dc.identifier.citationThe 2016 Annual Meeting of the American Society of Pharmacology and Experimental (ASPET) held in conjunction with the Experimental Biology 2016 (EB 2016) Meeting, San Diego, CA., 2-6 April 2016. In The FASEB Journal, 2016, v. 30 Meeting Abstracts, no. 719.11-
dc.identifier.issn0892-6638-
dc.identifier.urihttp://hdl.handle.net/10722/229988-
dc.description.abstractOBJECTIVE To identify the mechanisms underlying the unexpected augmentation of contraction caused by thymoquinone, a natural compound with vasodilator properties, in isolated arteries. METHODS Ex vivo experiments were conducted in isolated mesenteric arteries and aortae of twelve to fourteen weeks old Sprague-Dawley rats and in porcine coronary arteries. The arteries were cut into rings (with or without endothelium) and suspended in organ chambers for isometric tension measurement in the absence and presence of pharmacological inhibitors. Following the establishment of an optimal basal tension, the preparations were contracted with phenylephrine (rat arteries) or serotonin (porcine arteries) and exposed to thymoquinone (10−7 to 10−3 M). Some rings were pooled for Western blotting of phosphorylated endothelial nitric oxide synthase (eNOS) and total eNOS or for the measurement of cyclic nucleotides levels with ultra-high performance liquid chromatography coupled with tandem mass spectrometry detection (UPLC-MS/MS). RESULTS In the three different arteries, thymoquinone caused a further concentration-dependent contraction, which was prevented by endothelium-removal. The augmentation of contraction was not significantly affected by anti-oxidants or by inhibitors of cyclooxygenases or endothelin-receptors. While Western blotting demonstrated increased phosphorylation of eNOS with thymoquinone, the augmentation was prevented by L-NAME [nitric oxide (NO) synthase inhibitor] and ODQ [soluble guanylyl cyclase (sGC) inhibitor]. In L-NAME-treated rings, the NO-donor diethylenetriamine NONOate restored or even increased thymoquinone-induced contractions; YC-1 (sGC activator) and inosine 3′,5′-cyclic monophosphate (cyclic IMP) caused a similar restoration. By contrast, in ODQ-treated preparations, cell-permeable guanosine 3′,5′-cyclic monophosphate (cyclic GMP) or inorganic pyrophosphate did not restore augmentation. UPLC-MS/MS measurements showed that thymoquinone augmented the intracellular content of cyclic IMP, but not that of cyclic GMP or adenosine 3′,5′-cyclic monophosphate. As the augmentation of contraction is reduced by PPADS (purinergic receptor antagonist), the switch in cyclic nucleotide production by sGC may be caused by activation of purinergic receptors on the arterial smooth muscle cells. The augmentation was prevented in porcine coronary arteries, but not in rat arteries, by HA-1077 and Y-27632 (Rho-kinase inhibitors) and nifedipine (L-type calcium channel inhibitor); in the latter, but not in the former it was reduced by ML-218 (T-type calcium channel inhibitor), demonstrating differences in blood vessel types in the impact of cyclic IMP on calcium handling. CONCLUSION Thymoquinone causes an endothelium-dependent augmentation of contractions of isolated arteries that requires endothelium-derived NO and sGC activation, but not the presence of cyclic GMP. It is explained by the production of cyclic IMP favoring the contractile process through alteration of calcium homeostasis.-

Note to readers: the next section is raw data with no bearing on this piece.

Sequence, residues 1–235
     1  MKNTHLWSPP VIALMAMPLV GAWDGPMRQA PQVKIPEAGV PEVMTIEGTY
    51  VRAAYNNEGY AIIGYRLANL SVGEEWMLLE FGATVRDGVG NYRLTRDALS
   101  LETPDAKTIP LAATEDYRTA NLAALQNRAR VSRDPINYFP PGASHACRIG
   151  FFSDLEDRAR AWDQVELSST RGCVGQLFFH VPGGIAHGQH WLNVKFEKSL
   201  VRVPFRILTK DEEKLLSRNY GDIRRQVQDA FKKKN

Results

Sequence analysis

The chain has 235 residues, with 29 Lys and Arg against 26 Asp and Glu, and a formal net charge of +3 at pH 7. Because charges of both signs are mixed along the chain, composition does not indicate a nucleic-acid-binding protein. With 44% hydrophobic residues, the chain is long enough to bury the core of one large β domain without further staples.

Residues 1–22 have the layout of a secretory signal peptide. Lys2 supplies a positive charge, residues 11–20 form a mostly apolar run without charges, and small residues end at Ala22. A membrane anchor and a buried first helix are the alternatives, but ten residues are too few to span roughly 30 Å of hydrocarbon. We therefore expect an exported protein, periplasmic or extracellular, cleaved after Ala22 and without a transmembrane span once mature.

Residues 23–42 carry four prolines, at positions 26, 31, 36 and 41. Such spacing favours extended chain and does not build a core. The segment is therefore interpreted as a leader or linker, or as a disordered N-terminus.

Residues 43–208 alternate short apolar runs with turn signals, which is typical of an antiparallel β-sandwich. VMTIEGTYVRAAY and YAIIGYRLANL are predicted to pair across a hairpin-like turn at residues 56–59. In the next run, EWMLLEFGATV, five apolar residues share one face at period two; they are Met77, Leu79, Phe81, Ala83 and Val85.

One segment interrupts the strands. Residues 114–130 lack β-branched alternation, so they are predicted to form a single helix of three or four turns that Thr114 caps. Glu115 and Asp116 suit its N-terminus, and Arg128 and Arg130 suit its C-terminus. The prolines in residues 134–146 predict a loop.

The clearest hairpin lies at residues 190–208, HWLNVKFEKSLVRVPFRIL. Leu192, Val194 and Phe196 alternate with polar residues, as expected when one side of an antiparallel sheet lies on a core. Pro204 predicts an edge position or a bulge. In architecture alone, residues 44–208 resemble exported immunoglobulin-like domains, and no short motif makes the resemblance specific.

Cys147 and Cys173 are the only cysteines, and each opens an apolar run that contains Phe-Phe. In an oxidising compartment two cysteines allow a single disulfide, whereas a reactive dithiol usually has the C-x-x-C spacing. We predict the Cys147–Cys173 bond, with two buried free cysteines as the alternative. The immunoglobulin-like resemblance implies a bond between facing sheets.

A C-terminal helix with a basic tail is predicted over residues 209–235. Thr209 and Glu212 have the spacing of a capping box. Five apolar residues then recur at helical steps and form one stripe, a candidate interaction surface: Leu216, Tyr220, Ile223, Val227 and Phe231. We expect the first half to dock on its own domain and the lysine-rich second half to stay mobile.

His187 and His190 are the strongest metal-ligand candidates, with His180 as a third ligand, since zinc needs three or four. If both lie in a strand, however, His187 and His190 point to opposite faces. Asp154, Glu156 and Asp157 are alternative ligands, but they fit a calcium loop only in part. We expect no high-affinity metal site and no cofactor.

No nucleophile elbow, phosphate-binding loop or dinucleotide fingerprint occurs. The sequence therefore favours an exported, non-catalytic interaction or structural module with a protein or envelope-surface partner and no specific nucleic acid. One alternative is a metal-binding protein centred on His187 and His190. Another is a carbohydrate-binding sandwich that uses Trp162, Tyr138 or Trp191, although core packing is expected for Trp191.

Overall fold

dc.languageeng-
dc.publisherFederation of American Societies for Experimental Biology. The Journal's web site is located at http://www.fasebj.org/-
dc.relation.ispartofThe FASEB Journal-
dc.titleBiased activation of soluble Guanylyl Cyclase can cause contraction of isolated arteries-
dc.typeConference_Paper-
dc.identifier.emailLeung, SWS: swsleung@hku.hk-
dc.identifier.emailXu, A: amxu@hkucc.hku.hk-
dc.identifier.emailVanhoutte, PM: vanhoutt@hku.hk-
dc.identifier.authorityLeung, SWS=rp00235-
dc.identifier.authorityXu, A=rp00485-
dc.identifier.authorityVanhoutte, PM=rp00238-
dc.identifier.hkuros262193-
dc.identifier.volume30-
dc.identifier.issueMeeting Abstracts-
dc.publisher.placeUnited States-